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Chris Woodward jabs at Gleyber Torres' walk-off HR, calls Yankee Stadium 'a little league ballpark'

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Boone, Torres respond to Woodward's 'little league ballpark' jab (0:28)

Chris Woodward calls Yankee Stadium "a little league ballpark" after Gleyber Torres' walk-off home run, and Aaron Boone and Torres respond. (0:28)

Gleyber Torres lifted the New York Yankees to a thrilling victory Sunday over the Texas Rangers with a walk-off home run to right field.

After the game, Rangers manager Chris Woodward also took aim at Yankee Stadium's short porch.

"Small ballpark, that's an easy out in 99 percent of ballparks. ... [Torres] just happened to hit it in a little league ballpark to right field," Woodward said after Texas' 2-1 loss in the opener of a doubleheader.

It was the seventh career walk-off hit for Torres, who was asked about Woodward's comments later Sunday after the completion of the doubleheader.

"I feel like both teams play in the same ballpark and it's the same dimensions," Torres told reporters. "I feel good to hit a walk-off homer in the little league ballpark -- happy to win the first game."

Torres' opposite-field homer traveled an estimated 369 feet, according to MLB Statcast, and would have been a home run in 25 of the other 29 stadiums in Major League Baseball. The homer punctuated a cold game at Yankee Stadium in which runs were at a premium. The Rangers won the second game 4-2.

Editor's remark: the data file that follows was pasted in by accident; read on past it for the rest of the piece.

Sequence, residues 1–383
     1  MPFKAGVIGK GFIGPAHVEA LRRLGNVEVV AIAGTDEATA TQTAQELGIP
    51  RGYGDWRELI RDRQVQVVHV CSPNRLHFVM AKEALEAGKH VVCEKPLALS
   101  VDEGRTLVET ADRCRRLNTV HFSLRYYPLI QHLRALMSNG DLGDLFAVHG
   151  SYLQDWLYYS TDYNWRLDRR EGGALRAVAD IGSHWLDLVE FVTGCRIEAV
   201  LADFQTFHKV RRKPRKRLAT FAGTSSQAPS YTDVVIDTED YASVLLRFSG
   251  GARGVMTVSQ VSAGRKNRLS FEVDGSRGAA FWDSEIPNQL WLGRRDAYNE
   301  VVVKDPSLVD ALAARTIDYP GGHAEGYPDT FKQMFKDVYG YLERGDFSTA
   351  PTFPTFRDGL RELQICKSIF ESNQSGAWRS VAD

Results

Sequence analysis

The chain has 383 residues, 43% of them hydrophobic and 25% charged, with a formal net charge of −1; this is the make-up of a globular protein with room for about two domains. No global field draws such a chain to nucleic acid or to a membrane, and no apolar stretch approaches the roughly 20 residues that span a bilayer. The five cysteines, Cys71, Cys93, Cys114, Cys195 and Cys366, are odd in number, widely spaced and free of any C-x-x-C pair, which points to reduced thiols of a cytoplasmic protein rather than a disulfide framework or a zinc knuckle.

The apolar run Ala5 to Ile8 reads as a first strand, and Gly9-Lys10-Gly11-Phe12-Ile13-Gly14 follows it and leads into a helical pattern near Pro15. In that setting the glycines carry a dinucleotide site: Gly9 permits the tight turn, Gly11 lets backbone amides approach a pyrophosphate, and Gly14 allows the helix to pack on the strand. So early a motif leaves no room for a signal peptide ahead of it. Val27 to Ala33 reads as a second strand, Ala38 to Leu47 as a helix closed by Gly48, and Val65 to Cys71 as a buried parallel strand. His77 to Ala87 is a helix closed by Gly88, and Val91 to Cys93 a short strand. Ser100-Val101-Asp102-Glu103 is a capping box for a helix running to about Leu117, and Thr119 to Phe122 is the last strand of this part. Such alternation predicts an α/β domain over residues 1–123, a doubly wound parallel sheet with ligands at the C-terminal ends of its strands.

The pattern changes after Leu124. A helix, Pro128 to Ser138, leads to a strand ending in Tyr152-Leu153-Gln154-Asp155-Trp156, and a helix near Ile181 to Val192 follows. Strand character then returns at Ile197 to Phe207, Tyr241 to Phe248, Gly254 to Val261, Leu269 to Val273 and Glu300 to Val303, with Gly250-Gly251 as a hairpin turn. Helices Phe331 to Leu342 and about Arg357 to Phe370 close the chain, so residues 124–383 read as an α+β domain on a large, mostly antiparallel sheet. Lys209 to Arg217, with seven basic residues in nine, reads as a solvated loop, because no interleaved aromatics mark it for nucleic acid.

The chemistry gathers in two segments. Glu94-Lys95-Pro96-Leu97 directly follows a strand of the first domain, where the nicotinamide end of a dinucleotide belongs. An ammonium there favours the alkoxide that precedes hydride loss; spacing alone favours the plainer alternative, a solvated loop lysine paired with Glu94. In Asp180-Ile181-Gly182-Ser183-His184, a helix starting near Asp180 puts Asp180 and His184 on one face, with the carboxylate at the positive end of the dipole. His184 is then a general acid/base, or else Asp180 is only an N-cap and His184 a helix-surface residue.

Woodward said Monday that he regretted the postgame comment.

"Probably bad words on my part," he said before the Rangers' game against the Yankees. "I gave it a layup for a lot of people. But listen, I meant no disrespect, obviously, to this place. And it's obviously a world-class organization, ballpark. ... I understand why Yankee fans will get upset about it. That's why I love them."

The Rangers, coincidentally, hit two homers to right field Sunday that were shorter than Torres' blast. Kole Calhoun's score-tying solo shot in Game 1 traveled 355 feet, and Eli White's opposite-field solo homer in Game 2 only went 342 feet, according to Statcast.

That aside, Yankees manager Aaron Boone also pointed out that Woodward's math was slightly off.

"His math's wrong," Boone said with a smile. "Ninety-nine percent is impossible. There's only 30 parks."

Woodward initially walked back his comments later Sunday after the doubleheader, calling Yankee Stadium a "cathedral" and saying his earlier dig about the ballpark's dimensions was a "joke." He reiterated that sentiment Monday, congratulating Torres and telling reporters that Yankee Stadium was "one of my favorite places to play."

"[Yankee Stadium] is probably one of my favorite places to come," said Woodward, who spent two seasons with the crosstown Mets during his 12-year career as a player. "But they've got a short right field. They always have -- it was like that back at the old park, and that's kind of what makes this place unique in a lot of ways.

"Hats off to Gleyber -- I know he hit that ball hard."

Torres' seven walk-off hits are most in the majors since 2018, and this was his second game-ending homer.

"The bigger the situation, it does seem like he ratchets the concentration level a bit," Boone said. "Cold day out there, it was good to see him to stick one."